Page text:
Hello weekend readers. I’m sure you looked at the title of this musing and wondered what does a fungus have to do with a devotion? I agree, sounds crazy but after reading a new article from a medical journal I get online, it made sense—for our bodies, minds and souls!
Dr. Cornelius Clancy, a well-known infection diseases doctor and part of the World Health Organization and the CDC, was alerted recently about fungal pathogens. The statistics tell us that fungal infections kill more than 1.5 million people each year and they have become more prevalent and worse, resistant to treatment. From molds to yeasts to inhalable spores, over 19 fungal pathogens have been identified by WHO as the biggest threats to human health. Sadly, fungal pathogens are historically understudied, leading to gaps in the understanding, surveillance, and treatment of infections. One WHO official, Dr. Carmen Pessoa-Silva said, with alarm, “We do not have a real sense of the size of the problem.”
Yikes, we are trying to contain viruses and now there is a fungus among us! Today, I take that fungus on a journey in our hearts and souls. What is infecting us today that has such a hold on us that even people of faith spew lies and derogatory words about others, and hold on to such anger that has created division and delusion across the globe?
Of course, the answer is sin and until we are claimed home to heaven, we will wrestle with the core of sin we have. Like a fungus, it is insidious, slithering through our hearts and minds, taking hold of us in ways we think we would never embrace and act on until we do act and, like dynamite, something blows up. This infection of hatred, anger, division, etc., moves us from the love of God to the love of self. The more we let the fungus grow, the deeper we slip away from living as God’s children and looking more like the world and the society we live in.
Throughout Scripture we read God’s warning of not being a part of this world but living in it with a perspective of faith from God and what God expects of us. In Matthew’s Gospel we see the story of a lawyer, an expert of the law who asked Jesus what the most important commandment was. I love His response: “Love the Lord your God with all your heart and with all your soul and with all your mind. This is the first and greatest commandment. And the second is like it: Love your neighbor as yourself. All the Law and the Prophets hang on these two commandments.”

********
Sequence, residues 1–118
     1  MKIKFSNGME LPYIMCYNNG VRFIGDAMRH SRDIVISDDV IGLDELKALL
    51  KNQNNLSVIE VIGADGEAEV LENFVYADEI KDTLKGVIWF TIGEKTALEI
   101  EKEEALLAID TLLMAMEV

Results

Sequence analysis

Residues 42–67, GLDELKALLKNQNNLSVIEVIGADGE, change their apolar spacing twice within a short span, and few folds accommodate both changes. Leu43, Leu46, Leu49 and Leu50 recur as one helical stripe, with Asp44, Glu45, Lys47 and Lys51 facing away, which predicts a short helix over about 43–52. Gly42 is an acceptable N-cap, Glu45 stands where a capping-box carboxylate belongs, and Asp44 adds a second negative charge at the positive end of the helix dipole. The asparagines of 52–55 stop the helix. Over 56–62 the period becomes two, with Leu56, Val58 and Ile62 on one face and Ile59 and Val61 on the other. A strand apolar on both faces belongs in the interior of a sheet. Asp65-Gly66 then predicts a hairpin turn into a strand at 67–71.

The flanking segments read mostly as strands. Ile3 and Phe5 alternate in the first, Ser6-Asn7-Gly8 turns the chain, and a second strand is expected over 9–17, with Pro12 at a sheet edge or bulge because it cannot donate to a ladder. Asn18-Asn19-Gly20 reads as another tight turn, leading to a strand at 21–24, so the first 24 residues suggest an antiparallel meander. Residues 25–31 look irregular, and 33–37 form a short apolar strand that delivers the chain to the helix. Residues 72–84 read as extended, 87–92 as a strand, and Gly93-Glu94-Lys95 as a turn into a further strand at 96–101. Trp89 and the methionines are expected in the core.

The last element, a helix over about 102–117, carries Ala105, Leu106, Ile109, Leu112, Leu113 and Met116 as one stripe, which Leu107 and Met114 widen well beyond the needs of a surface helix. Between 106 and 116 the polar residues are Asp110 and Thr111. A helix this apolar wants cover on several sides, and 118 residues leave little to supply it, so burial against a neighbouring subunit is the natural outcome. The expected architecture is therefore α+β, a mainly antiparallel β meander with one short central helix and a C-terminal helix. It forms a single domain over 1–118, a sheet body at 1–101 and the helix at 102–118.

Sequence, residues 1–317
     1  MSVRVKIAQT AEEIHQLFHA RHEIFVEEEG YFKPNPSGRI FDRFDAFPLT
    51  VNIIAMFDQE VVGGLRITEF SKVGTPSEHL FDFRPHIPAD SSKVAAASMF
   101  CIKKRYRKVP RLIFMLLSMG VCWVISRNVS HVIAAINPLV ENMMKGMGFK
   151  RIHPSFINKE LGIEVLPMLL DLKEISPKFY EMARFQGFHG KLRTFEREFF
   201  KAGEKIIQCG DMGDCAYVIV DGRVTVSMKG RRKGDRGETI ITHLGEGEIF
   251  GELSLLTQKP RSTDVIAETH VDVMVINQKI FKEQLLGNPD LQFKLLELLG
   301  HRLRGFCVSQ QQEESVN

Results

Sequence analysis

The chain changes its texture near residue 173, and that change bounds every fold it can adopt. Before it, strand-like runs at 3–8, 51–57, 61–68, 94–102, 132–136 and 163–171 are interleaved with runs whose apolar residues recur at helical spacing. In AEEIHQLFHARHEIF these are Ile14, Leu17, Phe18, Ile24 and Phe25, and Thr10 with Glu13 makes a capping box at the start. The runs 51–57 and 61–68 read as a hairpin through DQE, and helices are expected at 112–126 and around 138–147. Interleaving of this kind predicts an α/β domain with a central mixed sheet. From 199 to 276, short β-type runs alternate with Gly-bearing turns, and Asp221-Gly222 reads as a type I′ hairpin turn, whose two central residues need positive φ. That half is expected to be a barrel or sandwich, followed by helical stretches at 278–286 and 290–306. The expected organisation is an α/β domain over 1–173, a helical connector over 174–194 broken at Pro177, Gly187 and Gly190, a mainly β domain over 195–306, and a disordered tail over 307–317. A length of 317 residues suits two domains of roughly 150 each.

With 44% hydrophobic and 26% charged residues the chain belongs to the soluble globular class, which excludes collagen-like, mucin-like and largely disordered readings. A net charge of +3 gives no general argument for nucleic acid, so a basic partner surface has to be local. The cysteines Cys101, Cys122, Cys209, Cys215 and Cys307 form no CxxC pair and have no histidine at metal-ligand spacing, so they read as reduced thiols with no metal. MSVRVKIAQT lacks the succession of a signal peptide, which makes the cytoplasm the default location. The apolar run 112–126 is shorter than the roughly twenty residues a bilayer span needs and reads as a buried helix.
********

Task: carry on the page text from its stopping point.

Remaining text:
To me, Jesus’ words say “All of Christianity comes down to how we love God and how everything we do—relationships—work—entertainment—education—displays our love for God. No success, status, or possession will matter at the end of our days. How we loved God and loved others will be our victory.” Or, we could—considering our devotion’s title—say that when we live God’s way the deadly fungus will NOT be among us!
The world is watching people who confess their faith in God—what are they saying about us? What testimony does our life portray? How easy has it been for us to blend right in with our society that, like the alarming words of Dr. Pessoa-Silva said above, “We do not have a real sense of the size of the problem?” In other words, we are losing our way and compromising our walk of faith in this life.
Let’s end our musing from the Apostle Paul, in Romans 1 from the Message. I think Paul understood “the fungus among us” then and his warning was to get help to stop the fungus so it does not infect future generations. How well have we heeded his warning? AMEN.
1-2 So here’s what I want you to do, God helping you:
Take your everyday, ordinary life—your sleeping, eating, going-to-work
and walking-around life—and place it before God as an offering.
Embracing what God does for you is the best thing you can do for him.
Don’t become so well-adjusted to your culture that you fit into it without even thinking.
Instead, fix your attention on God. You’ll be changed from the inside out.
Readily recognize what he wants from you, and quickly respond to it.
Unlike the culture around you, always dragging you down to its level of immaturity,
God brings the best out of you, develops well-formed maturity in you.
9-10 Love from the center of who you are; don’t fake it.
Run for dear life from evil; hold on for dear life to good.
Be good friends who love deeply; practice playing second fiddle.
17-19 Don’t hit back; discover beauty in everyone.
If you’ve got it in you, get along with everybody.
Don’t insist on getting even; that’s not for you to do.
“I’ll do the judging,” says God. “I’ll take care of it.”
20-21 Our Scriptures tell us that if you see your enemy hungry,
go buy that person lunch, or if he’s thirsty, get him a drink.
Your generosity will surprise him with goodness.
Don’t let evil get the best of you; get the best of evil by doing good.